If you're like me, the command line is life! If an app has an option that will keep you in your favorite terminal, you're a happy developer. Enter Google Lighthouse. It has become the de facto standard for front-end performance optimization. Let's take a look at how to get started with the Lighthouse CLI.
Why Should You Use Google Lighthouse?
In short, it's open source, has sane defaults, and is highly extensible. Testing site performance is often a mixed bag of inconsistency. You end up with multiple tools, conflicting recommendations, and too much time spent worrying about tooling.
For example, say you're particularly concerned with SEO. You could enhance the existing SEO module with additional features. You could also remove the standard report and substitute it with your own version.
Maybe you want to ensure meta tags stay within an arbitrary character length? If you can write functions to grab DOM elements and check the character counts of their contents, making a custom Lighthouse report module will be a cinch.
Before we get too deep in to customization, first let's get started installing Lighthouse CLI.
Installing The Lighthouse CLI
To get started, you'll need Node 8 LTS, as of the time of this writing. You can install the CLI with either NPM or Yarn.
GitHub repo: https://github.com/GoogleChrome/lighthouse
npm install -g lighthouse
yarn global add lighthouse
Lighthouse CLI Options & Flags
This isn't an exhaustive list of all options and flags. I've highlighted some of the more interesting and useful ones here. You can find the rest from the official docs.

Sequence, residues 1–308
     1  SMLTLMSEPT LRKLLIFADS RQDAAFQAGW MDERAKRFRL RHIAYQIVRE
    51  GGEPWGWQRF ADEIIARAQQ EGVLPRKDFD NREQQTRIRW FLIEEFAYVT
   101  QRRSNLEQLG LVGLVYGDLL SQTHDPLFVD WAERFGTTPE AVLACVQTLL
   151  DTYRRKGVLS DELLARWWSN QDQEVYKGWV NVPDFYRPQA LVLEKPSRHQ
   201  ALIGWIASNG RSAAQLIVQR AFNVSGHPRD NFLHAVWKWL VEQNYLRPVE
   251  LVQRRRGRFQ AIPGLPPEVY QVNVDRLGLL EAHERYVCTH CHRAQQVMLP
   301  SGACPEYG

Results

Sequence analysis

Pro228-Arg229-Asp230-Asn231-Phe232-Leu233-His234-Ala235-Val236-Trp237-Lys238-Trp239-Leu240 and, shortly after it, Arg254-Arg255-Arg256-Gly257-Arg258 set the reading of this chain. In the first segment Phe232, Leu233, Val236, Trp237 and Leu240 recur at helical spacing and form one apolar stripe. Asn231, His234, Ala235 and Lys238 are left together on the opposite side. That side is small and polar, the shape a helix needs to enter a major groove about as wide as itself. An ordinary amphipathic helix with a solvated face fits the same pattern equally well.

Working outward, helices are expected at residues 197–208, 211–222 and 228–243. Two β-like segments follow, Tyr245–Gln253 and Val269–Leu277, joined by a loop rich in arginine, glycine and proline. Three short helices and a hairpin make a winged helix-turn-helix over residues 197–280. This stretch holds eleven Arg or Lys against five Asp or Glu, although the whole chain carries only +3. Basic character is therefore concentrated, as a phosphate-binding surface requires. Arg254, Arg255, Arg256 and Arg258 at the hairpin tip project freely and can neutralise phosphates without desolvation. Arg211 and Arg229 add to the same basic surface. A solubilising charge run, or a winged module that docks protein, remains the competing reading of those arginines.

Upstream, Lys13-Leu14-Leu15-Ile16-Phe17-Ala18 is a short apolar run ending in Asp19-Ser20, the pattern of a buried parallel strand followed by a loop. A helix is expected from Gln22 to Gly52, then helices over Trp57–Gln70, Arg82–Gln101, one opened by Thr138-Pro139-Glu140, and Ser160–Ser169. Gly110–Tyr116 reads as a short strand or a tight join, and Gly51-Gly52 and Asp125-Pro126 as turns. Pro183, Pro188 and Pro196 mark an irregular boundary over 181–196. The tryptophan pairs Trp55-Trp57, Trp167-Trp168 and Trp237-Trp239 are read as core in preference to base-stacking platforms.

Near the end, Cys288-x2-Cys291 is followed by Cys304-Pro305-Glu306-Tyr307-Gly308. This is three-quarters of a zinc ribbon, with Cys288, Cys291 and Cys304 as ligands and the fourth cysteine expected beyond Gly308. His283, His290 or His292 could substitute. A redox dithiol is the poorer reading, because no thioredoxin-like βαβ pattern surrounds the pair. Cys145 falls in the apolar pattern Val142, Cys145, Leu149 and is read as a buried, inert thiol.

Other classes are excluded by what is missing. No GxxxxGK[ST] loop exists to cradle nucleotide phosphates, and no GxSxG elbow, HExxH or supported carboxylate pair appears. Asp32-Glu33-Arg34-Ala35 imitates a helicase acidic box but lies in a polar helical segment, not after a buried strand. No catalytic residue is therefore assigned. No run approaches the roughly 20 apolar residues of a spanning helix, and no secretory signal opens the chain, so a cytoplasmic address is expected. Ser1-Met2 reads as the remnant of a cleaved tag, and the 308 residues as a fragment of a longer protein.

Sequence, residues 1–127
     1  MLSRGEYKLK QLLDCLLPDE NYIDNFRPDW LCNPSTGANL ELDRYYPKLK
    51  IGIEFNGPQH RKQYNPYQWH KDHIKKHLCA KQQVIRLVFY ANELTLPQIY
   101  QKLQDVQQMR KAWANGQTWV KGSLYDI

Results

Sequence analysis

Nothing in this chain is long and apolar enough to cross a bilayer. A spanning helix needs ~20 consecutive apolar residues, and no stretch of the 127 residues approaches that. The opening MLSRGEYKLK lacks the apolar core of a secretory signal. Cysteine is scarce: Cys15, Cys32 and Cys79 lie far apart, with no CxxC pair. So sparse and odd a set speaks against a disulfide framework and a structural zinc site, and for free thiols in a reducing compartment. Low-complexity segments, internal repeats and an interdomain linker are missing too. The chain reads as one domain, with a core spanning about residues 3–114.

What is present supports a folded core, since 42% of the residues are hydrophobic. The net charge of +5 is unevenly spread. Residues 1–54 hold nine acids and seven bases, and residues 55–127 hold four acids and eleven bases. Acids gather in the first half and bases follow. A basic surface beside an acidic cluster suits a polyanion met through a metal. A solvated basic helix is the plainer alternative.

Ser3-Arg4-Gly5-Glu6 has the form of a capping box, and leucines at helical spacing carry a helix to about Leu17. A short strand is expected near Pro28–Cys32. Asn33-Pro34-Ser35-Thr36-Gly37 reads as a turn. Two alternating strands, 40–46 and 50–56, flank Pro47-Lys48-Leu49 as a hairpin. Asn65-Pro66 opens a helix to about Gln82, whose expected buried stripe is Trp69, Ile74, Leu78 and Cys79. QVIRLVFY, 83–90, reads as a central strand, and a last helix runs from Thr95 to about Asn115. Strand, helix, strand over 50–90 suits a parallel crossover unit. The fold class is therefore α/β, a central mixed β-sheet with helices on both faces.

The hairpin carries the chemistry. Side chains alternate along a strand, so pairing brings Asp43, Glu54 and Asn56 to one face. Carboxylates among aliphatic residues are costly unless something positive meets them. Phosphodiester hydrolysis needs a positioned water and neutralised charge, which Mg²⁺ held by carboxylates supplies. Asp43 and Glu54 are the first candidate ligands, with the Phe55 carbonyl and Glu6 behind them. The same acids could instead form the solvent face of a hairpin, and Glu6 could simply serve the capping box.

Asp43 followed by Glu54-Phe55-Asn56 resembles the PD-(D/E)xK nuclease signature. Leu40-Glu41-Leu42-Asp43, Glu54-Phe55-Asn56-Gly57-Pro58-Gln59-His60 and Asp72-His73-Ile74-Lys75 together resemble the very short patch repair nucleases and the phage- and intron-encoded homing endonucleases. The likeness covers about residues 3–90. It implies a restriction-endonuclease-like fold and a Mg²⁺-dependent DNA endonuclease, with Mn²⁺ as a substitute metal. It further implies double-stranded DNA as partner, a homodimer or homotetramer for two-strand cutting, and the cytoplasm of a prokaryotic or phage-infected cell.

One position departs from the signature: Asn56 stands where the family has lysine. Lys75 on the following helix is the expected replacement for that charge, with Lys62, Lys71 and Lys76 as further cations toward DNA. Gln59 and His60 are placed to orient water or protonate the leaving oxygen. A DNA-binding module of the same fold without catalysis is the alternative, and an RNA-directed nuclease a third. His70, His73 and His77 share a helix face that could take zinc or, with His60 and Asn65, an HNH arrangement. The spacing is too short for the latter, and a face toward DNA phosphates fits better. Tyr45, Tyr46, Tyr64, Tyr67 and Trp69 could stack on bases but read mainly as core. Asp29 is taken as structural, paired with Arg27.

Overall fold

The path to your JSON config file.
Custom flags to pass to Chrome.
When using a local TLS server, bypasses "connection not secure" interstitial. This allows testing to continue uninterrupted.
Specify your desired port. You can also use 0 for a random port.
Choose your desired format.
Choose where to output.
Have lighthouse cli open the report after the run completes.
Sometimes you may want to do a simple and quick desktop test.
Local Testing With TLS
For local testing purposes, most audit tools throw false positive errors about lack of TLS and HTTP/2. Here's a simple solution to run a local TLS and H2-enabled server:
Example CLI Command:
lighthouse https://localhost:3000 \
Specify port to listen on e.g.
simplehttp2server -listen :3000
Specify custom JSON config file to use
Set allowed origins (default "*"). Not needed for most testing.
General Questions & Tips
Is Lighthouse capable of network throttling, and can I configure it?
Yes and yes. By default, Lighthouse cli throttles the network, CPU, and attempts to emulate a 4G connection.
Does Lighthouse "call home" to Google or have any external tracking?
That's a definitive NO. Lighthouse cli runs completely local. The app itself does not fire any external requests for tracking or other purposes.
This is fantastic to hear these days. If you were unsure about using Lighthouse in your development environment, rest assured.
Keep in mind, Lighthouse uses a local Chrome instance to perform its tests. So tracking scripts on the sites you are testing may still fire.
Is there a way to automatically open Lighthouse reports?
Add the flag --view when you run Lighthouse. Once the tests finish, your HTML report will immediately open in your browser.